"Your mother will be waiting for you" Serruphu said. Donderon did not think it was what she meant to say. Maybe she heard it wrong. She looked at the Elder, waiting for more. "That is all, Donderon." Donderon shifted her weight from her left foot to her right. She was preparing to object, but realized that she would not be heard. She balanced her weight between her feet and took a deep breath. She was dismissed and now had to leave. It made her angry. She huffed and turned to go.

     "The rest of you must be punished" Serruphu said. Donderon slowed her pace. "You will all have double duty for ten weeks." There was a noticeable vocal reaction from some of the six remaining girls. "You will remain separated for that time as well." Donderon could not understand what had happened. Serruphu had to know that she led her friends. She was the oldest, by three weeks, but excluded from punishment. It made no sense to her.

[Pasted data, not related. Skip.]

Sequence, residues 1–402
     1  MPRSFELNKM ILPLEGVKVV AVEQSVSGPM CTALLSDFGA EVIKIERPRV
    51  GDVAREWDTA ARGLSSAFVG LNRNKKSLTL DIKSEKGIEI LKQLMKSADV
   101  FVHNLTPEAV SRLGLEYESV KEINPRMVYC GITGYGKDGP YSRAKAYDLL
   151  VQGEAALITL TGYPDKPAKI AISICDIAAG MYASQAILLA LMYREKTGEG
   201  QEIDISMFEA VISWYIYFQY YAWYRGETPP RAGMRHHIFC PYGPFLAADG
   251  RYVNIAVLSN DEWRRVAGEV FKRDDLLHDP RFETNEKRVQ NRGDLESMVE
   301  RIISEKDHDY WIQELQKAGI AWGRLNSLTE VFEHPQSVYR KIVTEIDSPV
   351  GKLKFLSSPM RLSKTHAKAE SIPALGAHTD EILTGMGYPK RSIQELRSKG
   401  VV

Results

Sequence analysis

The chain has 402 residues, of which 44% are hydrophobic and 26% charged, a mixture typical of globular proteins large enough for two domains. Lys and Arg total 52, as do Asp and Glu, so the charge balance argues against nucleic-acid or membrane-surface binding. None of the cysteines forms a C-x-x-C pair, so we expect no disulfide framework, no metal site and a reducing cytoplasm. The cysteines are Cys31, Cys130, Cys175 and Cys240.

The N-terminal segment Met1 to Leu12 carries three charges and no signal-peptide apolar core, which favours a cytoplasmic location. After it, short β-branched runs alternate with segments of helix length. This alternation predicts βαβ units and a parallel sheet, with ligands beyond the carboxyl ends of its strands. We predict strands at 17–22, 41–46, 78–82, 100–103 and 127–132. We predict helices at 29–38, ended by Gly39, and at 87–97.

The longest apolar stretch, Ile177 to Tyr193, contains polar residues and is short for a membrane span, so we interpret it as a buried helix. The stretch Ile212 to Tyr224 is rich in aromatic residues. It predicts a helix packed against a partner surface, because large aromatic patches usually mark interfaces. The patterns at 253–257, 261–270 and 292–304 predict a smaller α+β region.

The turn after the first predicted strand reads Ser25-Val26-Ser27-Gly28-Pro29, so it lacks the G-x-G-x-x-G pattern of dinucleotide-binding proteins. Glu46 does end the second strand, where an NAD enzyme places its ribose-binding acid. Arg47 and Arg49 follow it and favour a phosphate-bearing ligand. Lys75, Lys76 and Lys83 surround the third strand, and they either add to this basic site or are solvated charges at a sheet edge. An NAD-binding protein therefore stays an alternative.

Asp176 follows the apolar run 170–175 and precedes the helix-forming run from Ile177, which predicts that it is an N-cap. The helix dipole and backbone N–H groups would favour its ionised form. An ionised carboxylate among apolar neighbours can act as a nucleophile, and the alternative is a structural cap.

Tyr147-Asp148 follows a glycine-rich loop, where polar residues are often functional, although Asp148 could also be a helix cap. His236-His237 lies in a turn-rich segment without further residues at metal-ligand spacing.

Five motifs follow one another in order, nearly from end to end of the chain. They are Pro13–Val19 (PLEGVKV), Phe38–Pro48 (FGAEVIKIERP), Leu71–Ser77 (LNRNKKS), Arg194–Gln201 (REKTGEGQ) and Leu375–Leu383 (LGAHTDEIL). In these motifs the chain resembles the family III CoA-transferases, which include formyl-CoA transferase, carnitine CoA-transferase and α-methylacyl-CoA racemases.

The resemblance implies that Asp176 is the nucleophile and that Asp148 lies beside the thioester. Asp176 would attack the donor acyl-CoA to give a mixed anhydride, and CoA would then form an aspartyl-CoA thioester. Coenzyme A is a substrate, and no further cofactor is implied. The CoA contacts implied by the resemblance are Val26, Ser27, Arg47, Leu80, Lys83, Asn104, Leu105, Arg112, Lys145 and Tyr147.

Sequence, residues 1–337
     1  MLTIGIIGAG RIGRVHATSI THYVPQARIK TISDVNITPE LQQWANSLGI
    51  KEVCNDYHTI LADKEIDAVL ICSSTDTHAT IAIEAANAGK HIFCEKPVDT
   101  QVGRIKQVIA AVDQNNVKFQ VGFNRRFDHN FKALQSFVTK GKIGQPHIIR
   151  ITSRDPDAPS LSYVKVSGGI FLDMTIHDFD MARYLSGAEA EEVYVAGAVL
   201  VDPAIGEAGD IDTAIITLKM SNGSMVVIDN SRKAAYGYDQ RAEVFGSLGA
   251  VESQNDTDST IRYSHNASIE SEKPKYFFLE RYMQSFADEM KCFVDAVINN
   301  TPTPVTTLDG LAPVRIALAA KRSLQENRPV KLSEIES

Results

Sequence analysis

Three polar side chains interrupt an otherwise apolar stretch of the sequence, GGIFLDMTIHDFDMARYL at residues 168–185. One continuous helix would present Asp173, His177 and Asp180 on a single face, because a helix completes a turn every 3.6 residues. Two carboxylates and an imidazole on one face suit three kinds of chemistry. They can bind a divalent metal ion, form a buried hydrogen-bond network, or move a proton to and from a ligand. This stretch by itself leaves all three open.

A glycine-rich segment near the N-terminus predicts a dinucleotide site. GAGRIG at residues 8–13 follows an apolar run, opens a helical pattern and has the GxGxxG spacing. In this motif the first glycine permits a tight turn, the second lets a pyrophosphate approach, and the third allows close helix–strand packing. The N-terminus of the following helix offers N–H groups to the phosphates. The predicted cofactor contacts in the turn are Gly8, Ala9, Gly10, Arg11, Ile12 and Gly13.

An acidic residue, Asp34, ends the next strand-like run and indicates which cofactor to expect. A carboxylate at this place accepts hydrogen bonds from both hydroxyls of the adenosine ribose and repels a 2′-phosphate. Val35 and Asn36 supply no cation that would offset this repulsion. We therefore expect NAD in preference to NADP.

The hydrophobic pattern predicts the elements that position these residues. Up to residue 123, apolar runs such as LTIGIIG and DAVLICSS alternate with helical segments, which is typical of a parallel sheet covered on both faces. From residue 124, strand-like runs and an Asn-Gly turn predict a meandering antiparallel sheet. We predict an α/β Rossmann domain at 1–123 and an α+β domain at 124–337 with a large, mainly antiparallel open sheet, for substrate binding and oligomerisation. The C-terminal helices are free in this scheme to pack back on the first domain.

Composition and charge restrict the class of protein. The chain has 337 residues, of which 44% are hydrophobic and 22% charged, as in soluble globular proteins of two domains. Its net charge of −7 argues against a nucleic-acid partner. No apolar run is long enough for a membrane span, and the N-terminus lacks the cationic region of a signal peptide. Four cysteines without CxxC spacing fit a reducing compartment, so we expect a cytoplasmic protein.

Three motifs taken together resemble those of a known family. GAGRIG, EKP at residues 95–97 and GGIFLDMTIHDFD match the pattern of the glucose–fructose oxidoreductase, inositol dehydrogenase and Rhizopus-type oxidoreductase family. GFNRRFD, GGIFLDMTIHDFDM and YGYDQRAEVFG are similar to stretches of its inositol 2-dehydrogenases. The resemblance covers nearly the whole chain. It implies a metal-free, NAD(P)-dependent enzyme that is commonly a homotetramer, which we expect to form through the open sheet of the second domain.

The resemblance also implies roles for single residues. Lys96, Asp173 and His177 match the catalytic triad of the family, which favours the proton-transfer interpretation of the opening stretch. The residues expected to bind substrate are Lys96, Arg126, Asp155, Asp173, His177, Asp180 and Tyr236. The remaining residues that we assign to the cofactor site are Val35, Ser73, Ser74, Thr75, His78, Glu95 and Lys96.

Every daughter performed the duty of second mother to her sibling and Pentel was no exception. When Donderon began following her around, Pentel had to allow it. She spent her days forming the social connections of adult life and she did not want her little sister getting in the way.

     Pentel had recently passed the seventeenth anniversary of her birth and was expected to begin moving into the adult world. Being the daughter of the most respected Elder gave her a certain advantage over her peers. She was quite strong willed and had no trouble asserting herself into the most respected social circles. This was the path to Elder status. When an Elder One disappeared forever, the remaining Elders chose one to fill the place. The positioning that preceded these events was quite often the most exciting thing that happened in the culture.